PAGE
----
Thursday, 14 March 2013 09:12

Farmers will pay more for their fuel this year

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The cost of doing business in agriculture just got more expensive for those who haul their crops and livestock as well as use implements on their farms. The cost of doing business in agriculture just got more expensive for those who haul their crops and livestock as well as use implements on their farms. File photo

The agricultural industry took a blow in the Alberta budget released March 7.

It included bad news for producers in the form of the elimination of the six-cent-per-litre Farm Fuel Distribution Allowance. It was applied to marked diesel, marked renewable diesel and heating fuel for eligible farming operations.
Producers participating in the Alberta Farm Fuel Benefit Program will still receive the nine-cent-per-litre provincial tax exemption on marked gasoline and diesel.
Enchant grain producer Greg Stamp says the loss of the distribution allowance came as a surprise. Fuel is a big expense for his farming operation.
“It means an immediate six per cent increase in my fuel costs,” he says. “Everything is budgeted and we try to stick as close as possible to that budget. We can’t pass it on to our customers.”
Alastair and Lynn Olsen, who operate TLC Farms near Whitla, were also surprised to hear about the cut.
They don’t have a large operation, but it still equates to the loss of about $2,000 a year. Because their business is structured that they sell directly to consumers, they do deliver to their customers. The cut could mean those delivery costs are increased slightly, because of the fuel used, pointed out Alastair Olsen.
He said the public has a view that producers get cheap fuel. He points out to many people that filling up a car with 20 litres of gasoline at the pump is a lot different than ordering between 300 to 500 litres of marked diesel from a fuel company. That’s how producers receive their fuel — in large quantities all at once.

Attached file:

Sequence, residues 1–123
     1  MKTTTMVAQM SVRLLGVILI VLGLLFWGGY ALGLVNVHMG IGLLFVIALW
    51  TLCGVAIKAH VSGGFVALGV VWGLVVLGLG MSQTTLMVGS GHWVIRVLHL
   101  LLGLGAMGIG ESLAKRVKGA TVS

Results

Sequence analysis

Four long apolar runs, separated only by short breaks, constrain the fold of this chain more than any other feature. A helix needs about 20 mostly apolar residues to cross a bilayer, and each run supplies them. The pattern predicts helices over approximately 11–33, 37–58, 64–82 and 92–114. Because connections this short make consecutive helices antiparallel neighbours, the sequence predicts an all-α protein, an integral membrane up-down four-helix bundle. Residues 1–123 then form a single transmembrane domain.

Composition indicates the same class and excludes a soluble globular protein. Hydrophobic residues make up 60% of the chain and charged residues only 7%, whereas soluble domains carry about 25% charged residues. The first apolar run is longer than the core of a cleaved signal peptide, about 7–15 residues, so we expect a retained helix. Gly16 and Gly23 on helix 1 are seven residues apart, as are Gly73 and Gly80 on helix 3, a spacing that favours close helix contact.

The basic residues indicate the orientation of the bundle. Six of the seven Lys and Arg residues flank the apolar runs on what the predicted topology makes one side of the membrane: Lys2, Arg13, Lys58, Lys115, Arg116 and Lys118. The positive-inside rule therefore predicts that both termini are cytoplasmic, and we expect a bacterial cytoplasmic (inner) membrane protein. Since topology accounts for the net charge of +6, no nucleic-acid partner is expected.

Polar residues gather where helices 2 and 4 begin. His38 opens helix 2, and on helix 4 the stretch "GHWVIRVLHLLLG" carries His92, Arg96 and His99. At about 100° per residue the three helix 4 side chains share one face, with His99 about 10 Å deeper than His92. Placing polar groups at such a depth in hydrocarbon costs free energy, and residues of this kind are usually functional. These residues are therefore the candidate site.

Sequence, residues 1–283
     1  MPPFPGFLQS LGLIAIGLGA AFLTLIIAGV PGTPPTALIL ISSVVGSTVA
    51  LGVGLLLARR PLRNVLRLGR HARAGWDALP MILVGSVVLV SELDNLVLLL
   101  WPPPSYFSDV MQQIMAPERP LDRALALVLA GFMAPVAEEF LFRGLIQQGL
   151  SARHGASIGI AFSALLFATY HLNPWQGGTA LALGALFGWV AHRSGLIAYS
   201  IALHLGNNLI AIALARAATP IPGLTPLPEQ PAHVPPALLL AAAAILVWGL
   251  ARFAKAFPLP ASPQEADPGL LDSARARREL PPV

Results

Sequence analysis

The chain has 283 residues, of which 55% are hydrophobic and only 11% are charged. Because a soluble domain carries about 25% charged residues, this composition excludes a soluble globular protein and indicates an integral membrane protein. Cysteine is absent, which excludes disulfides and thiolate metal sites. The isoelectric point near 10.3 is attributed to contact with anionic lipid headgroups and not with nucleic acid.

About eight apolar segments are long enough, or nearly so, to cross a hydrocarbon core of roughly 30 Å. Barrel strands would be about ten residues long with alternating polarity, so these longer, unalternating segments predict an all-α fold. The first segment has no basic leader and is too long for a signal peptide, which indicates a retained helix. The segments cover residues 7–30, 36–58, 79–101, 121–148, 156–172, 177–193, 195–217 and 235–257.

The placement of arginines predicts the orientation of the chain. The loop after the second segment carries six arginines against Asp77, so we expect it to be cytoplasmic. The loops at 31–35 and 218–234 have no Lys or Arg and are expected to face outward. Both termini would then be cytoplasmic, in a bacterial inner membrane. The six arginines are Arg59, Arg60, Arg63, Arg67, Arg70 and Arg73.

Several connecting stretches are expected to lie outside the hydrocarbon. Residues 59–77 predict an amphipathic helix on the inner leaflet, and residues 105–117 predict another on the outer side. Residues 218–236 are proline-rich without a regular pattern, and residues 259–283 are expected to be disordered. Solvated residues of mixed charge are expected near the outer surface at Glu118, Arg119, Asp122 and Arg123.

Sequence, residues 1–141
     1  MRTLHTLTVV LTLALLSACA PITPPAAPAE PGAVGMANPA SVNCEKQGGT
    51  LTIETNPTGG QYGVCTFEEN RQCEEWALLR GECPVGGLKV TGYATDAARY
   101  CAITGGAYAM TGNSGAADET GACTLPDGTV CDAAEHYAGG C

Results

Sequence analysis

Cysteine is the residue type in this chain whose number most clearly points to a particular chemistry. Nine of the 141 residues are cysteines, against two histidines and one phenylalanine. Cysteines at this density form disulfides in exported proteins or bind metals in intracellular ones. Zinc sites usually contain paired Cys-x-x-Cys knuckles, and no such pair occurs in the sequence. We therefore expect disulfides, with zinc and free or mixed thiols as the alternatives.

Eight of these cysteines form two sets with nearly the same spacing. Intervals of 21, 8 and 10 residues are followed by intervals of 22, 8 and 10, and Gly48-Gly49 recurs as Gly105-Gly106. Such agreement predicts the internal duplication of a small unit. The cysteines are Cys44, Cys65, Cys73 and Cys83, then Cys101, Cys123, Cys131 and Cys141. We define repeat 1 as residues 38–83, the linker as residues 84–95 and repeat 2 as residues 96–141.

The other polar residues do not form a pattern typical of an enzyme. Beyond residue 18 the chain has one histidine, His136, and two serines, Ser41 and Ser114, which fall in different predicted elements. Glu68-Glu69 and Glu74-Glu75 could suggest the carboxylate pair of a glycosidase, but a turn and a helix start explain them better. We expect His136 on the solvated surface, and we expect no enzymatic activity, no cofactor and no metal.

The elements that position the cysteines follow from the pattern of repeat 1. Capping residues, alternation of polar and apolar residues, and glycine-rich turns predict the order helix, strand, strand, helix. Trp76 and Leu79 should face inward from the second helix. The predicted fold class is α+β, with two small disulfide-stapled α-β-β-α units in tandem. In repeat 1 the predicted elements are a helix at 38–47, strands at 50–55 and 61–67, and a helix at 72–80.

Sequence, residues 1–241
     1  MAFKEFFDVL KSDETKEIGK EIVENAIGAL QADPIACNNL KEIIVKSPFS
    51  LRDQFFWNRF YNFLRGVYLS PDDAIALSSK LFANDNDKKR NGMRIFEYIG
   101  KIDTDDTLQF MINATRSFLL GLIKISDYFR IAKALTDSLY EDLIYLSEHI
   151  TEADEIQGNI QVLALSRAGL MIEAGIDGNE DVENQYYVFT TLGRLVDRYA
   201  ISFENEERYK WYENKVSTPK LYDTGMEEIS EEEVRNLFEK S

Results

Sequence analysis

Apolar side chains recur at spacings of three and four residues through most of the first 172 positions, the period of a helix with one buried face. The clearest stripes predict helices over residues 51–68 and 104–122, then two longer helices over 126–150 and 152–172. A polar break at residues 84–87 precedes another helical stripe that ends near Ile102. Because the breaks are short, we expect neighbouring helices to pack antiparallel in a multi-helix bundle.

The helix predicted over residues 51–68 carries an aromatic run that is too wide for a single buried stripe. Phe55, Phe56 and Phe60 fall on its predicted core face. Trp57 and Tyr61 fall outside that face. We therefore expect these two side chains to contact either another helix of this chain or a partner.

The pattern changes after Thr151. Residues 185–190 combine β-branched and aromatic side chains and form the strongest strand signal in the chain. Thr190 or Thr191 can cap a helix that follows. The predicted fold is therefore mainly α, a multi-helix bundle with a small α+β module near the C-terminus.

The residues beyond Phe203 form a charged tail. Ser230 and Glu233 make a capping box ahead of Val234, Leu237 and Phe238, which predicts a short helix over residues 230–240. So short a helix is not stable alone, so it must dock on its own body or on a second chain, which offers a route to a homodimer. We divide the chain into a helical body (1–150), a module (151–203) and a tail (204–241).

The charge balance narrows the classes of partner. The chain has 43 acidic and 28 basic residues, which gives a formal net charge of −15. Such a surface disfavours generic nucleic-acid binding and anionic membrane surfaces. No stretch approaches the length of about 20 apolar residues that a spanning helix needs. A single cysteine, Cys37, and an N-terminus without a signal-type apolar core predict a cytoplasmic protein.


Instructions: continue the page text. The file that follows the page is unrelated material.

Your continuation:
“We can’t operate our business without it. We have no choice to put in $20 or $30 at a time,” says Olsen.
He was surprised to learn about the cut and disappointed in the news.
“It’s hitting a sector that doesn’t have an option to do anything about it. On the surface, it looks like it’s not a big deal because it’s only six cents. When you start adding it up, with the amount of fuel used by farmers it’s going to have an impact. It’s just one more thing, one more pressure to add to the cost (of doing business).”
Olsen points out that the six cents per litre farmers received was also likely being put back into their communities. That money may now not be spent as readily when it isn’t available.
Patrick Fabian runs a grain business near Tilley. He’s likely facing a shortfall of more than $4,000 per year with the loss of the Farm Fuel Distribution Allowance.
He says society is based on cost plus. Most businesses purchase at wholesale prices and sell products at retail prices. In agriculture it’s opposite because producers are purchasing at retail prices and selling at wholesale prices.
“It’s disappointing in one sense. After so many years of financial burden and hardship, agriculture was starting to see some improvements,” he says about the cut.
“It will remove some of the advancement we’ve been making as far as profit potential.”
Fabian also questions how much of an “Alberta advantage” remains with the current government in power.
“Clearly we’re seeing that stripped away and eroded.
“Is this something that is going to break the farmers? Absolutely not, but once again it’s one more cumulative burden that primary producers have to face.”

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Rose Sanchez

Assistant Managing Editor

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